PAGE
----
The Irish Music Industry Podcast is a must listen for both people who want to break into the industry and seasoned professionals keen to learn more
A podcast originally started to supplement topics covered by WIT music students was one of the most listened to podcasts in Ireland in early April, beating off competition from RTE, BBC and WNYC.
Series 2 of The Irish Music Industry Podcast has launched providing a vital insight into the music industry. Produced by ‘Mark G’ of King Kong Company who is a lecturer on the BA (Hons) Music course in WIT, The Irish Music Industry Podcast is a must listen for both people who want to break into the industry and seasoned professionals who want to learn more about other areas of the music sector.
Not the first time at No 1
The first series of the podcast was hugely successful, occasionally hitting the top spot on the Irish Podcast Charts. Series two has built on that, seeking out professionals from a multitude of disciplines to offer some advice and discuss how they carve out their own space within the sector.
Each episode of The Irish Music Industry Podcast sees Mark G interviewing some of Ireland’s top music industry professionals, as they pick apart the mechanism of the Irish music sector in an effort to understand what makes it tick. From well-worn road warriors to eager newbies, all stories, advice, wisdom and occasional tales of woe come straight from the horse’s mouth.
The first handful of episodes are available now and feature top music professionals John Spillane (singer songwriter), Leo Abrahams (musician/producer for Brian Eno, Paul Simon and David Byrne) Alex Gough (songwriter/performer), Eleanor McEvoy (singer/songwriter and Chair of IMRO), Avril Stanley (Director of Body&Soul), Tara Thomas (gig photographer) and Jim Fielder (bass player with Blood Sweat and Tears/Frank Zappa/Jefferson Airplane. Jim played at Woodstock).
A shocking success
Speaking about the podcast Mark G said: “The success that series one enjoyed was more shocking to me than anyone else. I thought there would a very niche audience among students and music industry professionals for this. Already, just a short way into series two, we’ve been topping the Irish podcast charts. It seems that there are more people than I imagined interested in sussing out what goes on behind and around music in Ireland today, and the guests I’m talking to are really getting’ stuck in to it”.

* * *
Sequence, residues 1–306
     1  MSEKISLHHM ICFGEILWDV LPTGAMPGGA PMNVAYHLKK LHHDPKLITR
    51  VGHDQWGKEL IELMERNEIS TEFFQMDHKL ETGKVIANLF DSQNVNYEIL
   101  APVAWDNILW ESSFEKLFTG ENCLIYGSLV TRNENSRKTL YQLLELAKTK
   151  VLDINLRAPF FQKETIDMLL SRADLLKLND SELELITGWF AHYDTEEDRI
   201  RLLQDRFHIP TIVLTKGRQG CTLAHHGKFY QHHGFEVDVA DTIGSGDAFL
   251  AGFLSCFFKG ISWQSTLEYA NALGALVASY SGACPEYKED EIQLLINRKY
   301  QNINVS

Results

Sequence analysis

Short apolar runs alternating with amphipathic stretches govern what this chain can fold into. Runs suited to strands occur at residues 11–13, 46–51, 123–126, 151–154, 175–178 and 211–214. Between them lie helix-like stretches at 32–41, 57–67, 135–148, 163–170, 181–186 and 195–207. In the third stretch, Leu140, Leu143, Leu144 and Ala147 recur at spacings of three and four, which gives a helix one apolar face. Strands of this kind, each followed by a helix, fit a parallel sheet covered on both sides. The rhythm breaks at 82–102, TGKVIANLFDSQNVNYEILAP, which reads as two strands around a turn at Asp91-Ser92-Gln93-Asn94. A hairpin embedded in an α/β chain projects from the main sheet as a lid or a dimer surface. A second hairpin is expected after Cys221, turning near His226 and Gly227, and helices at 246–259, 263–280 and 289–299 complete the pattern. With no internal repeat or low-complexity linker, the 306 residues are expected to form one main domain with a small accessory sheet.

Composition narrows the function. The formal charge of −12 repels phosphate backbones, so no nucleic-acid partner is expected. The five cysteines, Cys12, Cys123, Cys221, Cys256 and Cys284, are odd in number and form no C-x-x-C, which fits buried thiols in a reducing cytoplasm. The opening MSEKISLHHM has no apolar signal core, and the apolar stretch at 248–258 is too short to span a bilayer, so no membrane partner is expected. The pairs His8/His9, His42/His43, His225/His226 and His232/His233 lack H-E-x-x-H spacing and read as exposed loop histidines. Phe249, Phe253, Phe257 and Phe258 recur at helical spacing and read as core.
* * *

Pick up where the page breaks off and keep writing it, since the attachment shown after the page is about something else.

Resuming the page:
The spark that lit the touchpaper on this podcast came from Mark’s experience within third level education and from working within the music sector itself.
“There was a slow burning realisation that many students and prospective music industry professionals aren’t privy to a full and frank picture of what to expect from their chosen career”. Given where the industry stands right now, having a resource where professionals can share information, advice and proactive pointers is invaluable. In one recent episode The Mary Wallopers shared how they successfully streamed a Paddy’s Day gig to thousands of people, raising some much needed funds for themselves. Drummer Johnny Daly talked about signing on for the first time to avail of the Covid-19 emergency payment. John Spillane and Síomha discussed successful crowd funding campaigns that saw them raising thousands of euros to fund their next albums. All of those positive and proactive solutions were in just one episode. Imagine what’s in a whole series?
The first episodes of series two of The Irish Music Industry Podcasts are available now on iTunes, Android and the usual digital sources or you can visit timi.ie to download/stream the podcasts. The Irish Music Industry Podcast is supported by IMRO.
Mark G is a lecturer in the Department of Creative and Performing Arts at Waterford Institute of Technology by day, drummer, vocalist and trombonist with King Kong Company by night. Mark has previously worked for Today FM and RTE Radio. His first book, A Year of Festivals in Ireland, documented his quest to attend three Irish festivals per week for an entire year. He ended up attending three Irish festivals per week for three years, while writing his Festival Fit column for The Irish Times. A Year of Festivals in Ireland won Travel Book of the Year at the Travel Writers Awards 2015. The associated Year of Festivals blog won Best Popular Culture Blog at the Irish Blog Awards.